Meta has enabled "systemic and global" censorship of pro-Palestinian content on its platforms since the start of the ongoing Israel-Hamas conflict, a new report by Human Rights Watch claims.
The 51-page report documents more than 1,000 instances between October and November when Meta, the parent company of Facebook and Instagram, allegedly removed content or suspended accounts involving or in support of Palestinians.
The international organization claims this "pattern" is due to flaws in and inconsistent application of the social media giant's policies, "apparent deference" to government requests and the company's reliance on automation for content removal and moderation.
"Meta's censorship of content in support of Palestine adds insult to injury at a time of unspeakable atrocities and repression already stifling Palestinians' expression," said Deborah Brown, HRW's acting associate technology and human rights director. "Social media is an essential platform for people to bear witness and speak out against abuses while Meta's censorship is furthering the erasure of Palestinians' suffering."
HRW says it reviewed 1,050 cases across 60 countries for its report, though it claims hundreds of people continued to share their cases of censorship after they completed their study. It says 1,049 of its reviewed cases were unduly suppressed or censored after expressing peaceful support of Palestine or public debate about the people's rights, while the remaining removed case had been in support of Israel.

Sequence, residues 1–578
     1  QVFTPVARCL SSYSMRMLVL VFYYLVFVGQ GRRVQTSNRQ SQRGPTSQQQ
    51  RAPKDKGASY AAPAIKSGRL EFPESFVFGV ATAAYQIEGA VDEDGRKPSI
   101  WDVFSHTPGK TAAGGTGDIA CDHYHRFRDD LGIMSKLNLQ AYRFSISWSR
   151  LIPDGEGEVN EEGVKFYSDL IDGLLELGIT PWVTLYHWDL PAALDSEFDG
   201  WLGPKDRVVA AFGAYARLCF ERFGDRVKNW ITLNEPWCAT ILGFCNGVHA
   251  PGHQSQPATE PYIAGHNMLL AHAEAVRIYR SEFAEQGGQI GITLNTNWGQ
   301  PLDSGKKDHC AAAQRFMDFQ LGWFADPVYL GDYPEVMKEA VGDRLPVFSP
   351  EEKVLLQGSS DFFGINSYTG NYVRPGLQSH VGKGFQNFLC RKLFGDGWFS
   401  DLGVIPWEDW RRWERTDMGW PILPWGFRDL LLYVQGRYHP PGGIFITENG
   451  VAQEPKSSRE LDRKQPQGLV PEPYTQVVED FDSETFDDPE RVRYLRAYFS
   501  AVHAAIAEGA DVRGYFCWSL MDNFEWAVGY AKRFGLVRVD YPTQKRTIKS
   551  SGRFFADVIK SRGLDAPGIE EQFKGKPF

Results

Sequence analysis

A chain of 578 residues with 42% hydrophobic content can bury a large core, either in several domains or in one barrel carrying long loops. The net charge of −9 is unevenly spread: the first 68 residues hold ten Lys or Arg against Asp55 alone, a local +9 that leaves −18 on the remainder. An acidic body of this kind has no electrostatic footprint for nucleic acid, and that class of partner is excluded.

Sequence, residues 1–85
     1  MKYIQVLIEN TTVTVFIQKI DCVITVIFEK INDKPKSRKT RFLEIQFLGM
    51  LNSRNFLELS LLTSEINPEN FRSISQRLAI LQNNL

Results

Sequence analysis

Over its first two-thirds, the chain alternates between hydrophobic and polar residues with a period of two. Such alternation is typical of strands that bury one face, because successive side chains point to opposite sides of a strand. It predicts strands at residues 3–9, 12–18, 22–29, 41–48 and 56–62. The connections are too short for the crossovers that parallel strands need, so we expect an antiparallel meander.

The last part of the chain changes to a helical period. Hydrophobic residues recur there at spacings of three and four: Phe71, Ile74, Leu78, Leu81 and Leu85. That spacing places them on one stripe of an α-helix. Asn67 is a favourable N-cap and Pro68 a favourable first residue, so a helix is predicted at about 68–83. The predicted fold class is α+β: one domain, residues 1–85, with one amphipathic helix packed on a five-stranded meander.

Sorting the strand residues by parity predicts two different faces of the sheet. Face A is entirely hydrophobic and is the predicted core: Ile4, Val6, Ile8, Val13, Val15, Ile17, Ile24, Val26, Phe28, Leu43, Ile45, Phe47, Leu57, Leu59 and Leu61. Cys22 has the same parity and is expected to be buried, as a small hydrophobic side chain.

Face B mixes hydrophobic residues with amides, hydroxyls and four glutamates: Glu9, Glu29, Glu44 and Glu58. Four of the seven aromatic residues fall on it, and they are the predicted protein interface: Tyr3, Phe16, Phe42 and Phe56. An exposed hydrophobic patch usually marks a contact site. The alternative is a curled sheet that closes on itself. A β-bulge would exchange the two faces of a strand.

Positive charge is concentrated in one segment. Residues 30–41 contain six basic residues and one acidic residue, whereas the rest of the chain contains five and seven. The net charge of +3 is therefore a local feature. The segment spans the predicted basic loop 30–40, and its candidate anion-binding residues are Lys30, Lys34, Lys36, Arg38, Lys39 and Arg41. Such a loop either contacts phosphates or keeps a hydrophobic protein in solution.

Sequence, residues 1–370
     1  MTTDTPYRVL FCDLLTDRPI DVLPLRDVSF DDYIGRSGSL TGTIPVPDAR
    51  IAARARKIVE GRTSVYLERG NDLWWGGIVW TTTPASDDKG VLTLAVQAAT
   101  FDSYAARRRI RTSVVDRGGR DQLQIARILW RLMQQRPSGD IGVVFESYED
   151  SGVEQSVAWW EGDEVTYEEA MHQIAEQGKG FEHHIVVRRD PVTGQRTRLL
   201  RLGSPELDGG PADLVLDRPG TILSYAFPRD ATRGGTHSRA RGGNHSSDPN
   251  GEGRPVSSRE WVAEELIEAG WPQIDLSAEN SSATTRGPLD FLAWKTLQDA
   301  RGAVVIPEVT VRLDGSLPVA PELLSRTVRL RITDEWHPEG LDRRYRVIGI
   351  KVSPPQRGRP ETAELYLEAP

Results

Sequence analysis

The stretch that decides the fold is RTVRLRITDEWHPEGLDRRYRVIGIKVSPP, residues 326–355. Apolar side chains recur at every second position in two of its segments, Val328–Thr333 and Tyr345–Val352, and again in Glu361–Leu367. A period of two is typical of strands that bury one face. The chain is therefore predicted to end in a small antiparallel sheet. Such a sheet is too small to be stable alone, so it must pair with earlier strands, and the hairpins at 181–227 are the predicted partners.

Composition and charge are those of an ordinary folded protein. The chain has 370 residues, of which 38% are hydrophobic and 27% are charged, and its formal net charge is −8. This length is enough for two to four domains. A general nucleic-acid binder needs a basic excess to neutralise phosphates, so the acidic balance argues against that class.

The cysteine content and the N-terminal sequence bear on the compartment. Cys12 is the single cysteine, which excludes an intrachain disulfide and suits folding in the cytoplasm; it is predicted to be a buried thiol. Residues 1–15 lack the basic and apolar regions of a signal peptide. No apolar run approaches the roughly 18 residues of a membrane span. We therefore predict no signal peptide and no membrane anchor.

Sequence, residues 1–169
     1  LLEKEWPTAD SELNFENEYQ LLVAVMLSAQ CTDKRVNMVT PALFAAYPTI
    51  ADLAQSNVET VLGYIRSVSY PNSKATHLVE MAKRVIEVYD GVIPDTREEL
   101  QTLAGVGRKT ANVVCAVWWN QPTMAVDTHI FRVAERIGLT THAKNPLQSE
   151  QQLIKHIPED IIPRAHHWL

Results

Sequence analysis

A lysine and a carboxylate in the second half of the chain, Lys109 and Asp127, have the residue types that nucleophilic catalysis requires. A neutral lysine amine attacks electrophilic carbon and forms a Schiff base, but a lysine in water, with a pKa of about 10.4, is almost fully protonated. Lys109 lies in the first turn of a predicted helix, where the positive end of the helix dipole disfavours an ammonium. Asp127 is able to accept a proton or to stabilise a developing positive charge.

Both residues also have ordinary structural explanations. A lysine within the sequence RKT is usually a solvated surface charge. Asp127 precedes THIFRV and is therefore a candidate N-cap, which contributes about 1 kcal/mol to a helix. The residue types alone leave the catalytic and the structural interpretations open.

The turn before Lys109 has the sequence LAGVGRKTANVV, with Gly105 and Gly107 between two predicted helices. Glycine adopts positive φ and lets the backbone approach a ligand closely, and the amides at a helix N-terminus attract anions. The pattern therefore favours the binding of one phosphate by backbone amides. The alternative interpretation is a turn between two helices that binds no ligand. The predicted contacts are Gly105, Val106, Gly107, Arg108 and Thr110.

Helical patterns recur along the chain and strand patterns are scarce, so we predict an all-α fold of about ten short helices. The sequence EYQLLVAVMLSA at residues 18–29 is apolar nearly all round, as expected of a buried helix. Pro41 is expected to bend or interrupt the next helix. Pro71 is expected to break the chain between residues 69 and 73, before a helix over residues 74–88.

In hundreds of cases, HRW claims Meta applied its "Dangerous Organizations and Invidiuals" (DOI) policy, which aims to prevent "organizations or individuals that proclaim a violent mission or are engaged in violence" to have a presence on its platforms. The report says this policy in practice had restricted "legitimate speech around hostilities between Israel and Palestinian armed groups."
Other removed posts were subject to a misapplication of Meta's "newsworthy allowance" policy, which justified the removal of content "documenting Palestinian injury and death" though it has news value, HRW claimed.
HRW alleges Meta is aware of its flawed policy enforcement, particularly when related to Israel and Palestine after another warning report by HRW in 2021.
And Meta appeared to acknowledge those faults in a statement regarding the organization's most recent findings, saying to the Guardian its errors are "frustrating" but that "the implication that we deliberately and systemically suppress a particular voice is false."
"This report ignores the realities of enforcing our policies globally during a fast-moving, highly polarized and intense conflict, which has led to an increase in content being reported to us. Our policies are designed to give everyone a voice while at the same time keeping our platforms safe," the company said in its statement.
But to make matters meet "human rights due diligence responsibilities," HRW says Meta needs to align its content moderation policies with human rights standard practices, such as ensuring the call to remove content is consistent and not overly board or biased.
"Instead of tired apologies and empty promises, Meta should demonstrate that it is serious about addressing Palestine-related censorship once and for all by taking concrete steps toward transparency and remediation," Brown said.
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